Many doctors and pharmacists are even vehemently opposed to the marketing and promotion of products for smoker’s cough. They believe that they can do us more harm than good. By suppressing the cough reflex, these preparations distract us from the ailment and make us ignore it more. Meanwhile, as a smoker’s cough intensifies, a red light should go on. Instead of suppressing unbearable symptoms, we should stop smoking and consult a specialist.
So, is it worth using preparations for smoker’s cough? They can certainly help in alleviating the symptoms but at the same time, we should take better care of our respiratory tract by limiting or completely giving up smoking.
Syrups and tablets for smoker’s cough
The best remedy for a smoker’s cough is to quit smoking. It may also help to partially reduce the amount of tobacco smoked. Switching from standard cigarettes to less harmful alternatives , such as electronic cigarettes or tobacco warmers, is also a good solution (increasingly popular among smokers).
There are also a number of ready-made parapharmaceutical preparations for smoker’s cough, such as mucolytics that come in the form of tablets, syrups or inhalation aerosols. They work by diluting and liquefying the mucus which makes expectoration and removal of secretion easier. Herbal tablets for smoker’s cough (Detusan, NicoTuson, SmokerStop) are also available in pharmacies.
Natural preparations for smoker’s cough usually have the form of lozenges. Remaining in the mouth for some time, they slowly release active substances, relieving cough symptoms. The composition of such lozenges includes valuable plant extracts with soothing, protective and expectorant properties, e.g. valerian root, mullein flower, thyme, Iceland lichen as well as refreshing menthol, aniseed or essential oils e.g. eucalyptus, mint, lemon.
Active substances of Detusan and related agents shield and moisten throat mucosa, reduce intensity of cough attacks and inhibit cough reflex itself, have refreshing and soothing effects, facilitate breathing.
Pharmacy preparations also include a liquid alternative to lozenges, i.e. syrup for smoker’s cough. Products of this type have very similar properties to lozenges – they eliminate dryness in the throat, fight hoarseness and cough, reduce irritation of the respiratory tract.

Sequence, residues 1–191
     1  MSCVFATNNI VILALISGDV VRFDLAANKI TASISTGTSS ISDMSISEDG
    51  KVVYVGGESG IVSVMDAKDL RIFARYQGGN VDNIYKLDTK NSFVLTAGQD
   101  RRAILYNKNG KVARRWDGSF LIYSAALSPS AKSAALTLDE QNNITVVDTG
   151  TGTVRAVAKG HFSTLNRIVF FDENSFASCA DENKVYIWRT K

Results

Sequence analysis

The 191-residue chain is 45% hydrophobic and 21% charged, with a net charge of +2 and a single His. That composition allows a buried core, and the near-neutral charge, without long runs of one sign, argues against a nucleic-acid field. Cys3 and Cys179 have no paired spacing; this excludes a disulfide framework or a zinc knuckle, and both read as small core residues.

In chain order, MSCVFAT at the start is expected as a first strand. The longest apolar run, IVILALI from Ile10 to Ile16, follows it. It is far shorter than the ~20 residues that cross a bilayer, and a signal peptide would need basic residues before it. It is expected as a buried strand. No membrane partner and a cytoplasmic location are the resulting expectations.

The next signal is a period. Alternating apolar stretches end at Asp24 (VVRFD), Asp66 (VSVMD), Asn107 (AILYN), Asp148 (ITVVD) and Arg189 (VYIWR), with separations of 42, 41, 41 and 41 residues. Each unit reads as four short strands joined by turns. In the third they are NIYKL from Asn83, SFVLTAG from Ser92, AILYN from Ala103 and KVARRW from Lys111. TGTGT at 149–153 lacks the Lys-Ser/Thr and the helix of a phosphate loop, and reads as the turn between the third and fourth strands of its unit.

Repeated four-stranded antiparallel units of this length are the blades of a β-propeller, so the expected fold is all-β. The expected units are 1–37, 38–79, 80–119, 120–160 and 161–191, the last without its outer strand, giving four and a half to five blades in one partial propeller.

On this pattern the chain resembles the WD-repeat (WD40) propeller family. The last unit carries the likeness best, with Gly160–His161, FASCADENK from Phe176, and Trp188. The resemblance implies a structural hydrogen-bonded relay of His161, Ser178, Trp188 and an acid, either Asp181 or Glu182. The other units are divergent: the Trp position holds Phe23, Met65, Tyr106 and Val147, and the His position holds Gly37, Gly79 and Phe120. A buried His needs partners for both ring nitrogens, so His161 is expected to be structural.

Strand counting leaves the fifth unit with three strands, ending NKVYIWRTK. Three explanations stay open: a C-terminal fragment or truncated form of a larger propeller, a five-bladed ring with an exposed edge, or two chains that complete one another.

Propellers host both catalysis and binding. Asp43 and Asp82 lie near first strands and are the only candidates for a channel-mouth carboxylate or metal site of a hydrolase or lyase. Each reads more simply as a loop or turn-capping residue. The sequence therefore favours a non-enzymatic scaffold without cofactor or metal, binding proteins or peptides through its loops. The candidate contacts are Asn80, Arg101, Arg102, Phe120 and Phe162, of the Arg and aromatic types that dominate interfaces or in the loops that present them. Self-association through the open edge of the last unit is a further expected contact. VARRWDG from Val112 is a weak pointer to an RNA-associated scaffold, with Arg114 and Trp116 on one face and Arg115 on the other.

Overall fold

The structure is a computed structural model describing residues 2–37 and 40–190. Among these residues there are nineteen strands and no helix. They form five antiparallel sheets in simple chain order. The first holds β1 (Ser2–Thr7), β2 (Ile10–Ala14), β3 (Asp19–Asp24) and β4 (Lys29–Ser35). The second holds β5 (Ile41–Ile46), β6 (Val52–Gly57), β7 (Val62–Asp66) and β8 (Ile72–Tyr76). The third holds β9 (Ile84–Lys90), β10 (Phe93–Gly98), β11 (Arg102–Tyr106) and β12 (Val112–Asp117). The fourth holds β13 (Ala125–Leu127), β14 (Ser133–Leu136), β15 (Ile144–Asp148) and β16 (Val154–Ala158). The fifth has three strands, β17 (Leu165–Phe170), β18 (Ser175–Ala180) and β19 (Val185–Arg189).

Smoker’s cough – home remedies. Effective alternative to lozenges and syrups
If you are struggling with a tiresome cough resulting from irritation of the respiratory tract by cigarette smoke, you can alleviate it by using various home remedies for a smoker’s cough. One of them are systematic inhalations, which can be easily done by pouring boiling water into a bowl, adding essential oils with expectorant, antitussive and refreshing properties (e.g. pine, rosemary, mint, eucalyptus, thyme, lavender).
Another natural way to combat smoker’s cough is to regularly drink infusions of herbs such as:
Expectorant, bronchodilator, anti-inflammatory, antibacterial and soothing effect will bring us also self-made syrup from onions:
Chop 2-3 onions finely, put them in a jar, add 4 tablespoons of liquid honey. Cover the jar with a lid, but do not screw it on. After a day or two, the onions will release their juice. We can also add to the syrup ginger and turmeric which have a brilliant influence on the respiratory tract.
Aniseed will also help in smoker’s cough, which we can add to tea or dishes. Another simplest possible home remedy for a smoker’s cough is drinking plenty of water every day (about 2 litres). Adequate hydration of the body promotes the dilution of mucus in the airways.
Other home remedies for smoker’s cough:
- rinsing the throat with sea salt water;
- using an air humidifier to which you add essential oils (e.g. mint, pine, rosemary)
- rinsing the mouth and throat with sage;
- Drinking linseed infusions;
- infusions of Psyllium seed;
- Beetroot syrup;
- drinking water with lemon, honey and turmeric
- drinking ginger syrup;
- drinking green tea with honey;
- drinking juices and cocktails of fruits or vegetables that contain large amounts of vitamin C.
How to quit smoking and permanently get rid of smoker’s cough?
Every smoker often thinks about saying goodbye to his habit, especially at times when he feels some health discomfort due to smoking or when he notices a deterioration in his appearance and form. It is worth taking this step at some point. Our whole body will benefit from it and our quality of life will improve. If you are not able to give up smoking at once, it is a good idea to gradually reduce the number of cigarettes you smoke, thus reducing the amount of toxins you consume.
Smoking is one of the most harmful addictions. Tobacco smoke contains dozens of different substances that can cause cancer. As a result of systematic inhalation of nicotine, carbon monoxide and tar, the smoker’s lungs blacken and become coated with a sticky substance.
Smokers are many times more likely to develop dangerous diseases, including numerous variants of cancer (e.g. lung, pancreas, colon, liver, esophagus), emphysema, hypertension, thromboembolic disease, heart attack, stroke, ischemic disease, coronary heart disease.
What’s more, smoking has a very negative effect on our immunity, physical performance, exercise capacity, as well as on libido, semen quality and fertility. Smoker’s skin ages faster, becomes sallow, gray and prone to wrinkles. Discoloration and vascular spider veins appear on it. The condition of hair also deteriorates – it becomes weak, fragile, brittle, lacking in shine, greying faster and falling out more intensively.
Smoker’s cough is only one of the many negative effects of smoking. If we want to avoid them, it is worth considering quitting smoking. It stimulates lung cleansing and detoxifies the body from nicotine and other harmful substances. It also suppresses nicotine cravings and reduces the symptoms associated with quitting smoking, such as nervousness and snacking.